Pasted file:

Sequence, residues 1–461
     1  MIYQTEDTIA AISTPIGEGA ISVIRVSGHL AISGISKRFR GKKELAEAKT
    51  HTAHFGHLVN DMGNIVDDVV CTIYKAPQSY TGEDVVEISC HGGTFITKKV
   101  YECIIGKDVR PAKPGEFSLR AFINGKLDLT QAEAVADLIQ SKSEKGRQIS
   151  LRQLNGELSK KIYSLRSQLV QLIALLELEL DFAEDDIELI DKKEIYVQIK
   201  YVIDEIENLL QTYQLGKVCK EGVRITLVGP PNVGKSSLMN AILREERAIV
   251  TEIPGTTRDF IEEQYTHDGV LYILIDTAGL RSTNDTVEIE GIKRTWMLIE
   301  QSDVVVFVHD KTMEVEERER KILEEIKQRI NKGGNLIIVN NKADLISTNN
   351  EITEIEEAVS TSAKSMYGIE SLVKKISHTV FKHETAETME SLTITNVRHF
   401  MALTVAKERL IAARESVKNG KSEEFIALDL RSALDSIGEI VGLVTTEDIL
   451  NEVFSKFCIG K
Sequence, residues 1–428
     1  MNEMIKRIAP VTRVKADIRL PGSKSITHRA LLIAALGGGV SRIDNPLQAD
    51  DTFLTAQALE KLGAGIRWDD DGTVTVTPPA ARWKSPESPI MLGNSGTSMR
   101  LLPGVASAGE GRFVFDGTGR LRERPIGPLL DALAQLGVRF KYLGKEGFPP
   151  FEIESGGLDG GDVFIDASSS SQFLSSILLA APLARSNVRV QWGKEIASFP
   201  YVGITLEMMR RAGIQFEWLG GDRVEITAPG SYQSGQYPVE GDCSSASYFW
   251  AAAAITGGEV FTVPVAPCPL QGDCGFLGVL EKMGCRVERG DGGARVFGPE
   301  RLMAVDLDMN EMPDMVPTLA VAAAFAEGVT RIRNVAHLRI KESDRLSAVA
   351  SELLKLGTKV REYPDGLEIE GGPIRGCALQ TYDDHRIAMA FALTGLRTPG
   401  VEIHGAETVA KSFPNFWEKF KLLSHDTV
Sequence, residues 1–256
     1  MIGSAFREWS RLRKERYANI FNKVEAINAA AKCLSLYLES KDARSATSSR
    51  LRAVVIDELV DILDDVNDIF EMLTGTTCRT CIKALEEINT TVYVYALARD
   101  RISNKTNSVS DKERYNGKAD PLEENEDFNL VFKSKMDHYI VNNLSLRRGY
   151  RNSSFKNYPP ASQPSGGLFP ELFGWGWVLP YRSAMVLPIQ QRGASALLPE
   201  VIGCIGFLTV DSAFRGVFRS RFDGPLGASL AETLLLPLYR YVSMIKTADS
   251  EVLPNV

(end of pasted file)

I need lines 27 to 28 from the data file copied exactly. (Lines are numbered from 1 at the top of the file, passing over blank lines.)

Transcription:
   201  VIGCIGFLTV DSAFRGVFRS RFDGPLGASL AETLLLPLYR YVSMIKTADS
   251  EVLPNV